Little trouble in big China

Dutch reporter’s run-in with security is embarrassing for Olympic hosts, but not worthy of overblowing

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The Olympics are underway, and China is showing the world that all that talk about totalitarianism and suppression of freedom is… uh… well, let’s check in with Sjoerd den Daas, the East Asia correspondent for the Dutch news network NOS.

Yeah, that’s not so good.

According to the Daily Mail’s reporting, the person accosting den Daas was a “Public Security Volunteer,” as identified by his red armband — basically citizens deputized to maintain order during the Games. And it appears, as den Daas was able to finish his reporting minutes later, that the issue was where he was broadcasting from, off a sidewalk by a highway overpass.


The Mail’s headline about the incident, “Communist goons drag away a Dutch reporter,” is a lot more sensationalist than this deserves. Had den Daas really been “dragged away” by “goons” in the manner those words suggest, he would not have been back on the air shortly thereafter. That’s not really how goons operate.

What appears to have happened is that den Daas was in a spot where he wasn’t supposed to be filming, and a man feeling empowered by his new status as a Public Security Volunteer decided to be a hardass about it. It doesn’t scan much differently from a mall cop going on a power trip, just with the exceptionally bad timing of being on live international TV, in a situation where the host nation of the Olympics already is, rightfully, under tremendous scrutiny for how it treats journalists and its own people.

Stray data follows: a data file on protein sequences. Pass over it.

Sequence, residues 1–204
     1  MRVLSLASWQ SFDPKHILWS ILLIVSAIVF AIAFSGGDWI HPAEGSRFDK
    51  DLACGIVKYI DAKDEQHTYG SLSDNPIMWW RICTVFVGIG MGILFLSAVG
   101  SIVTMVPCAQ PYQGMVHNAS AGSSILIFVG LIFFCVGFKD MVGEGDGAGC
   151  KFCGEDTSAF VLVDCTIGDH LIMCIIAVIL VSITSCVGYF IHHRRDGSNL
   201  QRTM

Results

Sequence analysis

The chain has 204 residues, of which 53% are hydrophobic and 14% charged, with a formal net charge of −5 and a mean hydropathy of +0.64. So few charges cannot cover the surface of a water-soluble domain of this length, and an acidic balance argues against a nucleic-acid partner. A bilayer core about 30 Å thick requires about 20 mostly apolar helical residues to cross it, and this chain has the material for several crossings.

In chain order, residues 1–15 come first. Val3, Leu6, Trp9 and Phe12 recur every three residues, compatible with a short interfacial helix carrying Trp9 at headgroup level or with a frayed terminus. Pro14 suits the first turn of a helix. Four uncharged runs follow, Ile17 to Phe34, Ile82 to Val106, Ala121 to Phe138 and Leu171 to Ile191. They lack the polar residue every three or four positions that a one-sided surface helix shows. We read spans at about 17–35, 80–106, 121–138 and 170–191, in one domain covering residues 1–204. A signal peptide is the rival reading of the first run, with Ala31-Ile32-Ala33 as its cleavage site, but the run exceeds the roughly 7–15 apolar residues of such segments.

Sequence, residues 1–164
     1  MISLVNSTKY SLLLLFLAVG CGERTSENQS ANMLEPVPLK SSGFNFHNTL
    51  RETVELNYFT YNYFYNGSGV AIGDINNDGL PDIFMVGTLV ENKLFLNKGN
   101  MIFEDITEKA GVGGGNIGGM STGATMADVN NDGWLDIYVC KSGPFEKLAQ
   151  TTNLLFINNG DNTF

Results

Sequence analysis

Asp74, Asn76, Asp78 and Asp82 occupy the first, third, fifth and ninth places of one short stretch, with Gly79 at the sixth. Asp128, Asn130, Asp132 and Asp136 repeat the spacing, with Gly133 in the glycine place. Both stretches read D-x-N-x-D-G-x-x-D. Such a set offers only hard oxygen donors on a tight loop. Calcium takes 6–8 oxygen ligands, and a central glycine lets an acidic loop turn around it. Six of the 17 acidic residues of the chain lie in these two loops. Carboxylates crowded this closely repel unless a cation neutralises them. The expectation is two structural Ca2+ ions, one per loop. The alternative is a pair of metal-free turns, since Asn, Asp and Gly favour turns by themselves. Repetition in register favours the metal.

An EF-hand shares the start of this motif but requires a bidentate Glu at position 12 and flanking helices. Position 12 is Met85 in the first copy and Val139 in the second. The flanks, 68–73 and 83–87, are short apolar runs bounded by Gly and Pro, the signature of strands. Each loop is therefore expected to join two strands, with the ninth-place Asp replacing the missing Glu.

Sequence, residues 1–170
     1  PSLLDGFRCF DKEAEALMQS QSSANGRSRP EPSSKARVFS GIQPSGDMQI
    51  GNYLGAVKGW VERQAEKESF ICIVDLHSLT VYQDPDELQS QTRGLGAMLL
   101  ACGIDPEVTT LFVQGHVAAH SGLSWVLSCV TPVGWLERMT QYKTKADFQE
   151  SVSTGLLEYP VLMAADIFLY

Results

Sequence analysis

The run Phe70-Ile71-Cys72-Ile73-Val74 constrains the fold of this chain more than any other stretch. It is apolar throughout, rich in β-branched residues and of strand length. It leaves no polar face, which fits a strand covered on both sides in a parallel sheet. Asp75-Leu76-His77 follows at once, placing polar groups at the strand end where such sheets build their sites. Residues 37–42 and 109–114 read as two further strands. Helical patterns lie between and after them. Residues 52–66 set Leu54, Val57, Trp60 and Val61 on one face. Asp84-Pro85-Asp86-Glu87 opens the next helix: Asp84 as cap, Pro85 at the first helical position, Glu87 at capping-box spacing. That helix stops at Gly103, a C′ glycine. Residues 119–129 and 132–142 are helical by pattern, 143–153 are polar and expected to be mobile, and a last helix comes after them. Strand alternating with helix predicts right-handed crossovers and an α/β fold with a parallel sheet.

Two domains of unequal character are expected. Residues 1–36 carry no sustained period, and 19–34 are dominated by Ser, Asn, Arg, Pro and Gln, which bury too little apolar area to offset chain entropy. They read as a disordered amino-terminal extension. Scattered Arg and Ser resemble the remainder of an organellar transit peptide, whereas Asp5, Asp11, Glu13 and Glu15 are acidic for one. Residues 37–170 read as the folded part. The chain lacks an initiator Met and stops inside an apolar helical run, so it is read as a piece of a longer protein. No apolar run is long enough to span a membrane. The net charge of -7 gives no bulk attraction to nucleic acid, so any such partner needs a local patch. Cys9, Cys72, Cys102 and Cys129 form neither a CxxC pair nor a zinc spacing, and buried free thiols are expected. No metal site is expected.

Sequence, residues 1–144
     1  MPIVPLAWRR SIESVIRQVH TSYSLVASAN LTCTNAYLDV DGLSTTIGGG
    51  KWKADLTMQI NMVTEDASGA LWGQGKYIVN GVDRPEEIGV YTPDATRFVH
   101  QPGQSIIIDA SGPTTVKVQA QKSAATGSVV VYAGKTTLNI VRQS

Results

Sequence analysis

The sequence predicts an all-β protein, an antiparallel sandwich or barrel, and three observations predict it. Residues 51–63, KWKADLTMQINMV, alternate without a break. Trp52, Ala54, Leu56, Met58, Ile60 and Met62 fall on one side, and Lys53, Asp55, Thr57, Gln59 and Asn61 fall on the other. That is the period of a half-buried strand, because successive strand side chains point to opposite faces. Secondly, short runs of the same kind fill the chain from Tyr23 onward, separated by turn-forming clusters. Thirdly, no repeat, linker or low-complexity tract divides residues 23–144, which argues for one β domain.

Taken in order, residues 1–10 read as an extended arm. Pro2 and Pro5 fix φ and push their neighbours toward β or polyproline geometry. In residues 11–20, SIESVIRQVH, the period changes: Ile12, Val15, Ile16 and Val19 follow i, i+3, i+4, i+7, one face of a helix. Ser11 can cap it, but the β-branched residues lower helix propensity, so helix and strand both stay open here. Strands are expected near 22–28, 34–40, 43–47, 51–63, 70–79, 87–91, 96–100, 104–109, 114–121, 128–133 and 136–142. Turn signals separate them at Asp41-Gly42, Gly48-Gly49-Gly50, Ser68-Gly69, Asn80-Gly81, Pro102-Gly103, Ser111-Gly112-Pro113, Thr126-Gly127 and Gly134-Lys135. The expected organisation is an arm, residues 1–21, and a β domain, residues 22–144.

An Uyghur man being sentenced to death over books, for instance, is an outrage. This is an incident that hints at the deeper trouble in China, but in itself is something that could have happened in any Olympic city from Atlanta to Paris, a person being in an unfamiliar position of authority looking to flex at the exact wrong time.

Meanwhile, in America…

There’s being a bad teammate, and then there’s sending a letter to your school to ask that your teammate not be allowed to compete.


That’s what 16 Penn swimmers did, siding with the NCAA over their teammate Lia Thomas, who has qualified for next month’s collegiate championships, but is at the center of controversy because she is trans and new NCAA policies that go into effect later this year will require testosterone testing for trans athletes.

These swimmers, from Thomas’ own team, want her barred now because, according to the letter written on their behalf by Nancy Hogshead-Makar, “Biologically, Lia holds an unfair advantage over competition in the women’s category.”


These are cowards who could not bring themselves to attach their names to their argument, and that’s pathetic. There’s a legitimate conversation and debate to be had about trans athletes and at what point fairness is an issue with hormone therapy timelines, balancing trans athletes’ right to compete with equitable competition. Hiding behind Hogshead-Makar in anonymity isn’t it, and it’s a shame that these Penn swimmers are too scared — because they know they’re doing their own teammate dirty — to publicly stand by their position in that conversation and debate.